Yes, I agree there is uncertainty. The most recent work is looking like the total feedback is positive. That's why I specifically quoted their work (saying 'likely positive') as well as provided a link to their paper (albeit paywalled) and provided the key diagram that supports their assertion.
  14. 1 point
    I'll do my best. In regards to who and when, Joseph Fourier first hypothesized about the greenhouse effect. He noted that the atmosphere must in some way be absorbing, or inhibiiting, invisible light (IR) from leaving the planet (approx 1820's): https://en.wikipedia.org/wiki/Joseph_Fourier Arrhennius in 1896 would be the first to hypothesize that changing co2, including by burning fossil fuels, could enhance the GHE. He also estimated that doubling co2 might lead to approx 5C change in temps! This is seeming a bit high with current research, but I find how close his number is to out estimates to be truly remarkable. https://www.lenntech.com/greenhouse-effect/global-warming-history.htm In regards to your comments about changes in the experiment (changes in equipment and observational biases), Zeke has a great writeup here in regards to they why, where, when, who of adjustments. The end result: adjustments don't impact the overall global trend in any significant way. https://www.carbonbrief.org/explainer-how-data-adjustments-affect-global-temperature-records I can't say for certain that all algorithms are publicly available for download, but some are for sure. For example, here is NOAA PHA algorithm. https://www.ncdc.noaa.gov/ushcn/pairwise-homogeneity-adjustment-software Whether the algorithm is publicly available or not, I can say with a greater degree of certainty the they provide literature explaining their methodlogy: http://static.berkeleyearth.org/pdf/berkeley-earth-summary.pdf Raw and adjusted data are also available through NOAA and other collection agencies. Some people have gone so far as to create their own individual algorithms from scratch: @caerbannog666 has tons of plots on his page and his algorithm is available for anyone to download, go through, and compile on their own. Or if using other's work isn't your thing, come up with your own methodology. As another example of individual analysis, @BubbasRanch has done his own work, and is most definitely on the skeptic side of the debate. However, his results, albeit he doesn't communicate it well in my opinion, agree rather well with NASA results. He also never explicitly compares his results in a side-by-side fashion as @caerbanogg666 does, but I would still personally vouch for his work, just not the implications of what he says it means 😉 That's all I have time for at the moment. Let me know if you have questions about any of this content, or where which questions I can focus my next responses on. 1-2 direct questions at a time is much easier to field and respond to than 5-6 huge open ended questions. Thanks.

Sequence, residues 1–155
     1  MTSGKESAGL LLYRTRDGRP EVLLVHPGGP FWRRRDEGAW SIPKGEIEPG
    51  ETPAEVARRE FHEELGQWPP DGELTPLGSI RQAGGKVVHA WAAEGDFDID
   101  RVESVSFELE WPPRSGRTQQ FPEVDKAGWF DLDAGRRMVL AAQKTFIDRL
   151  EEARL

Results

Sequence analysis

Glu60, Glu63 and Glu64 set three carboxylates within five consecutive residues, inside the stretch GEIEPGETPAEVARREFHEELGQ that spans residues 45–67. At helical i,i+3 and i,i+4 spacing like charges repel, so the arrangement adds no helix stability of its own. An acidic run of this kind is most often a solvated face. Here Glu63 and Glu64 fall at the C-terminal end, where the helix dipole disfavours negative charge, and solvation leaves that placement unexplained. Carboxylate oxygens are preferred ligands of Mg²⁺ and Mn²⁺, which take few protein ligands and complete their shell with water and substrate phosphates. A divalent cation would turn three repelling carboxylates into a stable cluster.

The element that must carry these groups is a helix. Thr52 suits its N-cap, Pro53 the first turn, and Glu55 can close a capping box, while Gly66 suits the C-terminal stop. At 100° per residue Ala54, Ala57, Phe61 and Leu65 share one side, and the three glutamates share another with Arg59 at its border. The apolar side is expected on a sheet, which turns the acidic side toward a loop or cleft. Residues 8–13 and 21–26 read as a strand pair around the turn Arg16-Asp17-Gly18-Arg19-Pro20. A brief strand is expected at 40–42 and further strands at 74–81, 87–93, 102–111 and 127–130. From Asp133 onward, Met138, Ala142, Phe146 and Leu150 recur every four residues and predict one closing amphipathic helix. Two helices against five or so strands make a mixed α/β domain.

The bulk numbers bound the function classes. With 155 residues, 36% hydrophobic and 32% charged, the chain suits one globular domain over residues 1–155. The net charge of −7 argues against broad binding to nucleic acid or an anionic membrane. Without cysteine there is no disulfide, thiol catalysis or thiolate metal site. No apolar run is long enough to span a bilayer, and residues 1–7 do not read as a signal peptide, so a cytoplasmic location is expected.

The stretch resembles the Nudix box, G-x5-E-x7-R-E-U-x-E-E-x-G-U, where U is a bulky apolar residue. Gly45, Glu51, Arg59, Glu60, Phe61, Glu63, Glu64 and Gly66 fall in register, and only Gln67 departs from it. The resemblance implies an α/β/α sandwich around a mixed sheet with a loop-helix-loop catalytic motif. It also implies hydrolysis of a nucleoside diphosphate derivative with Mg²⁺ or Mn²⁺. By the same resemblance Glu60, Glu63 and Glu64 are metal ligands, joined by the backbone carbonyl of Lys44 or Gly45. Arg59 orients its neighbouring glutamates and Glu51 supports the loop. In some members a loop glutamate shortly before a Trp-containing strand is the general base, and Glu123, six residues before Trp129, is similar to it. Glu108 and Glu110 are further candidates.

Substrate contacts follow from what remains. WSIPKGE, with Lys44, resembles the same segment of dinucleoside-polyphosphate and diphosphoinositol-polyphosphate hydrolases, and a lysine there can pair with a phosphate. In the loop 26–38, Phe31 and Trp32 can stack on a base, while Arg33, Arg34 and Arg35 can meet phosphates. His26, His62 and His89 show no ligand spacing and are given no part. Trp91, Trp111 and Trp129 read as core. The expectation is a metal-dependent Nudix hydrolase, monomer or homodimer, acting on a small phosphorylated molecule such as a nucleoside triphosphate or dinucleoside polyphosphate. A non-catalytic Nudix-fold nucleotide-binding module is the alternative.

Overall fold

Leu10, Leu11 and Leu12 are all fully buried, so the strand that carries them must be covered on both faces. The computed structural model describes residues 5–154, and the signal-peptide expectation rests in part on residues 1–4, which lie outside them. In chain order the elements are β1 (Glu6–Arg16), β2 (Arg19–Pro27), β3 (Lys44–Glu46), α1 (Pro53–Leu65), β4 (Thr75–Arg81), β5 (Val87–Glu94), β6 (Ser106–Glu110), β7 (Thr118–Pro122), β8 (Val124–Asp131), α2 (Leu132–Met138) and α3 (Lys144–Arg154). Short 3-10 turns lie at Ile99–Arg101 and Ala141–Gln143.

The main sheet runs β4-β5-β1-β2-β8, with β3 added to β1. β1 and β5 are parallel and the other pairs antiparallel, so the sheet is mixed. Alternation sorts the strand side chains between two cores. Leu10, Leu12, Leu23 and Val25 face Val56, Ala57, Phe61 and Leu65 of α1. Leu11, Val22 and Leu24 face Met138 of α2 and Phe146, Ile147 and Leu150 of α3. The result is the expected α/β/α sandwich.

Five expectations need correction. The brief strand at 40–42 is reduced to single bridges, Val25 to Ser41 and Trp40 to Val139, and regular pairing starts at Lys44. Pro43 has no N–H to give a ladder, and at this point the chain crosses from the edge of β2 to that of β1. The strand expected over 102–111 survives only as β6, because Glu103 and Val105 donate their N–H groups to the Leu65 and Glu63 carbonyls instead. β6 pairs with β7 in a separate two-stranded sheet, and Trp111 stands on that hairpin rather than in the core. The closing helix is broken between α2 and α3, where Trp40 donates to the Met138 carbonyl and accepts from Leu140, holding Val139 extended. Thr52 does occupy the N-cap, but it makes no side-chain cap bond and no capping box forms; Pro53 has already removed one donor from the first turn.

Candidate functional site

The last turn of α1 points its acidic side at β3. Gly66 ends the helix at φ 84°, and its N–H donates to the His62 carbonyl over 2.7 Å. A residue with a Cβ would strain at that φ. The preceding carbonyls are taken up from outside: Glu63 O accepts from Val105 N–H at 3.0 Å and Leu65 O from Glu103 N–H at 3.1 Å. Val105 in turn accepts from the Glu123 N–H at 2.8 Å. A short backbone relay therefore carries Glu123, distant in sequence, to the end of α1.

15. 1 point
    C'mon. What else is he gonna call it? My blog/Your blog? My Notablog? --Brant
  16. 1 point
    How integral or statistically significant is the albedo value to the overall maths or modeling? The first link you provided describes cloud formation predictions as a ‘wildcard’, what was the albedo value in the 2500 yr span that you have compared to the post industrial span and consequent temperature ‘spike(s)’ and if indeterminate, does any of that affect your confidence in predictions?